Monday Briefing: Brookhaven election could change local landscape

08/20/2012 8:00 AM |

JOHN GRIFFIN FILE PHOTO | Brookhaven Town Supervisor Mark Lesko delivers his State of the Town address in 2010. Mr. Lesko’s resignation in Brookhaven could spell change locally.

Whenever an elected town official resigns mid-term it has the potential to drastically shake up the political landscape in that town. It’s rare, however, that such a resignation can impact several towns.

That’s certainly the case though with last week’s announcement that Brookhaven Town Supervisor Mark Lesko is stepping down next month.

What will make the resulting special election even more interesting is that it comes in a non-local year, giving every elected official in Brookhaven Town outside of Ken LaValle, Dan Losquadro and Dean Murray the opportunity to pursue the seat with no risk of losing their current post. [Both Mr. Losquadro and Mr. Murray might seek the seat anyway.]

Considering that Suffolk County Legislator Ed Romaine of Center Moriches is already the reported GOP favorite, according to Newsday, the election could have an impact on residents of Riverhead and Southold towns.

The North Fork Legislator seems a logical choice for Republicans. He’s a savvy pol with old-school charm and he’s been incredibly popular in recent elections for County Legislature. He’s also served countywide as a County Clerk.

The position might also interest Mr. Romaine as he nears the county term limit, and has spent each of his terms in the political minority on the Legislature.

Hurting Mr. Romaine’s chances might be the losses he suffered in the two largest elections of his political career, a bid for County Executive and Congress. A good portion of his voting base is outside of Brookhaven, too.

The GOP has a fairly deep pool of candidates to choose from with two Republican State Assemblyman living in Brookhaven, Dan Losquadro of Shoreham and Dean Murray of Patchogue; the leading contender off the Brookhaven Town Board, Councilman Dan Panico of Shirley; and another County Legislator in Thomas Muratore of Ronkonkoma.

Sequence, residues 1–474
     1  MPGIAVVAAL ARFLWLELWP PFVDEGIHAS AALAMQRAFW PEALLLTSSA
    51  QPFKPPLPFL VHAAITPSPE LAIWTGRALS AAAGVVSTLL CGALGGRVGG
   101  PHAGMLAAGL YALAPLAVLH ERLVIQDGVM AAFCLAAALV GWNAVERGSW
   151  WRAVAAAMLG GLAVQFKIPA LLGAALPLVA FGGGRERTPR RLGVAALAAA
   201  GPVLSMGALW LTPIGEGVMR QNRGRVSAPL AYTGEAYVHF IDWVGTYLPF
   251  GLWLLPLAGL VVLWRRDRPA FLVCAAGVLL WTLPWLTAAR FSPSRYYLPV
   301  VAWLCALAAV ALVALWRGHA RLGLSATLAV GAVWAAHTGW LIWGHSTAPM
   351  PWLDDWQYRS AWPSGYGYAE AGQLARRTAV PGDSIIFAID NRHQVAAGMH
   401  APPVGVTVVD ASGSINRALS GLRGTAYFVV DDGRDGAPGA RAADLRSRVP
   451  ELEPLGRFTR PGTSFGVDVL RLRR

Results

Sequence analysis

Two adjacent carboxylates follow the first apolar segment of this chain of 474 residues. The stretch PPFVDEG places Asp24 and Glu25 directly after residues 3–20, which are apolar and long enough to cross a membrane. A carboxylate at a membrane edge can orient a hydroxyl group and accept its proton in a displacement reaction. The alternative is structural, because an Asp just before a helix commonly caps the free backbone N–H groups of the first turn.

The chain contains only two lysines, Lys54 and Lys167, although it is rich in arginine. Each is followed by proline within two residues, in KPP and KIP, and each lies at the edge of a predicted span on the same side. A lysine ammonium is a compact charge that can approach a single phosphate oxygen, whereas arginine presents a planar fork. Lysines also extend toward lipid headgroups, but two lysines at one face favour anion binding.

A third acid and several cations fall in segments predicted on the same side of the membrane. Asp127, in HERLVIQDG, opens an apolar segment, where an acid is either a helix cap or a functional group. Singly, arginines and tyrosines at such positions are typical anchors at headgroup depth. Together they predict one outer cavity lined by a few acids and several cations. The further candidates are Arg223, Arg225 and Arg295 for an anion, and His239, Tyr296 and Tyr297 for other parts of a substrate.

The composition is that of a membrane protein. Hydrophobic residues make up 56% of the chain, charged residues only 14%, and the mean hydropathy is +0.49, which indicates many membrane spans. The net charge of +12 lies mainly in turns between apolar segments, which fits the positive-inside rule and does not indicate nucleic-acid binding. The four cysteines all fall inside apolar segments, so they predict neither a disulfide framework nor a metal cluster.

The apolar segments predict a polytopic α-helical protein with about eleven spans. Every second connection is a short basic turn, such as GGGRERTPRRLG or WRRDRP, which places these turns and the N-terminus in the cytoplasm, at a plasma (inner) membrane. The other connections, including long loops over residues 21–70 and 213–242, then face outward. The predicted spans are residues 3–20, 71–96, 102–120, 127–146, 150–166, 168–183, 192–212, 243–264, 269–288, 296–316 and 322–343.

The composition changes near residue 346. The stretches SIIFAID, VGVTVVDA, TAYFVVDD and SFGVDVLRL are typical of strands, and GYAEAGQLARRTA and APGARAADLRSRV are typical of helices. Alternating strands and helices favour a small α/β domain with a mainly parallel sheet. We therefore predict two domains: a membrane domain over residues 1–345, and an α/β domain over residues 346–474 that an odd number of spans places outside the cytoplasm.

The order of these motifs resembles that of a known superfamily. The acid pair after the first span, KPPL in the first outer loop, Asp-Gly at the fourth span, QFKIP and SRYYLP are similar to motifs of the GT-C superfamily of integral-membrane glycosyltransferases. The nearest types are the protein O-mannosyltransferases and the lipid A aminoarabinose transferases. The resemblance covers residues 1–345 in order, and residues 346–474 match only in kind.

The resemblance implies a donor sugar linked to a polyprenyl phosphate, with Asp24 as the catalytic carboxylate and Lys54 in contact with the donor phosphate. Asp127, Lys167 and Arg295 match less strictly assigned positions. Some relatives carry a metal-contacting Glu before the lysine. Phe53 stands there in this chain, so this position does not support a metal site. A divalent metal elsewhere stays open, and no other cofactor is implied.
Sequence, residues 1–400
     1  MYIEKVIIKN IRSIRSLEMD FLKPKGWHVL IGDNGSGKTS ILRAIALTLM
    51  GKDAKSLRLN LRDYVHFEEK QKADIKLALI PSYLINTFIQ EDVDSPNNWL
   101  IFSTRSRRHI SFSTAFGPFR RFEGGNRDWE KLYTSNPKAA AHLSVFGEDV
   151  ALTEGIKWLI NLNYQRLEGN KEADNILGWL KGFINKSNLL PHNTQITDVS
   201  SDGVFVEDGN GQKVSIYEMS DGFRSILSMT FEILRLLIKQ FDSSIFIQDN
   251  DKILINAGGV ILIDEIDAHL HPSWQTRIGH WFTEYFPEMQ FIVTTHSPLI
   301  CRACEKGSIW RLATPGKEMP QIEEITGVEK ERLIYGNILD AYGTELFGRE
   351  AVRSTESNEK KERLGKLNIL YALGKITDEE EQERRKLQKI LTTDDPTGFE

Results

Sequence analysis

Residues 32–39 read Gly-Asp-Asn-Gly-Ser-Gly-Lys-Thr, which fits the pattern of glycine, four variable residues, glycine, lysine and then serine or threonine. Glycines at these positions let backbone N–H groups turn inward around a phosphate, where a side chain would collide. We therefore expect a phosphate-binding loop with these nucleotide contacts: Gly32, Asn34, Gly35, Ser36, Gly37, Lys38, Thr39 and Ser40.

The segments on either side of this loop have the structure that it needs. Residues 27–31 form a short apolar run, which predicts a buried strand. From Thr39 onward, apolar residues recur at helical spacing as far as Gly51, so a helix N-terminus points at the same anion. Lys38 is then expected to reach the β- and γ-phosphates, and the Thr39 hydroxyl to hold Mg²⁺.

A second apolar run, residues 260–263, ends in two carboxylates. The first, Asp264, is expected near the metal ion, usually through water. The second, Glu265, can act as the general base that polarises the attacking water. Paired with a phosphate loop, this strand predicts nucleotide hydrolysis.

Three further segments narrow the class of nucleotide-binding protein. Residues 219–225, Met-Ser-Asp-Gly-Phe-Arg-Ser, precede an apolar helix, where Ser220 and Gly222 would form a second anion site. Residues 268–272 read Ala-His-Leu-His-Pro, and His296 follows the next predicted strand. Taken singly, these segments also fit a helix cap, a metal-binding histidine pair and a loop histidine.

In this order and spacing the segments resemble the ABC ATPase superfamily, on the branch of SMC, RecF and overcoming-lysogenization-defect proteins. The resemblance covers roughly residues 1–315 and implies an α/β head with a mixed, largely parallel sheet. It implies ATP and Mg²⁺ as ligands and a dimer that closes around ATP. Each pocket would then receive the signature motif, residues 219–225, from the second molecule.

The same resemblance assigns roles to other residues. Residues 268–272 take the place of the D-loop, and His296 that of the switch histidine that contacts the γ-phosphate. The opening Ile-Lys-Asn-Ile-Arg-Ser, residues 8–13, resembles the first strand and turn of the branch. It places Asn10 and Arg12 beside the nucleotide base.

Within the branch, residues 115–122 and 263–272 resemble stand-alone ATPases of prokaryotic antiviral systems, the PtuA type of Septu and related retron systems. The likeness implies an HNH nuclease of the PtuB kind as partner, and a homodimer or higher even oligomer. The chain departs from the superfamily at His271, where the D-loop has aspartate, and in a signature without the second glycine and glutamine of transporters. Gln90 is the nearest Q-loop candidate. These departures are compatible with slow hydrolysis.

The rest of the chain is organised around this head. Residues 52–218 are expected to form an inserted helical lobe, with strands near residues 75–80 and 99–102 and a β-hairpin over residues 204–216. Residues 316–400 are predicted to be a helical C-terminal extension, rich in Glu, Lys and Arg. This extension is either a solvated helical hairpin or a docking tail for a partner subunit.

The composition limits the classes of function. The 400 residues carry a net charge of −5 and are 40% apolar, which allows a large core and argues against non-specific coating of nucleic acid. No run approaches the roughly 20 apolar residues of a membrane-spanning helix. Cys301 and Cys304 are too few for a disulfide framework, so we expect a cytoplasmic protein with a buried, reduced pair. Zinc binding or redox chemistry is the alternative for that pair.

That’s a decent pool of proven candidates in a year where the Suffolk GOP is already excited about its chances to grab a seat in the House of Representatives with St. James businessman Randy Altschuler back on the ballot after being narrowly defeated in 2010.

In fact, Mr. Lesko’s timing couldn’t have been worse for Suffolk Democrats, who were already looking to spend big to keep Congressman Tim Bishop in office.

Now they’ll have to raise even more money to keep control of the largest town in the county, where Mr. Lesko’s seat currently gives them a one-vote majority.

Newsday reports that Former Assemblyman Marc Alessi of Shoreham and Mr. Lesko’s top aide, Brian Beedenbender, are among the leading contenders for the Democratic nomination. Considering Mr. Alessi and Mr. Beedenbender lost their most recent elections — to Mr. Losquadro and Mr. Muratore, respectively — that’s not a great sign for the Democrats. Patchogue Village Mayor Paul Pontieri is also in the mix, but he comes with his own set of political baggage.

On the flip side, the other two townwide elected leaders in Brookhaven, John Rouse and Patricia Eddington, have both won on the Democratic line. But would they really want to move away from those two cozy posts?

Perhaps the Democrats’ best opportunity comes with having President Barrack Obama and Congressman Tim Bishop on the ballot, enabling their candidate to receive trickle-down votes from incumbents at the top of the ticket.

The fact that this special election comes in a presidential year, where voters are twice as likely to visit the polls, makes just about anything possible.

And should it be Mr. Romaine who earns the GOP nomination and ultimately the supervisorship, that could mean more than just a change in our local leadership on the County Legislature if local officials pursue his seat.

Just think about all the posts that could change hands at the town level if, say, one of the North Fork town supervisors pursued Mr. Romaine’s seat.

No matter how things shake out, the situation in Brookhaven is certainly worth keeping an eye on from out here.

Grant Parpan is the executive editor for Times/Review Newsgroup. He covered Brookhaven Town politics from 2006 to 2011 as a reporter and editor of the former North Shore Sun newspaper.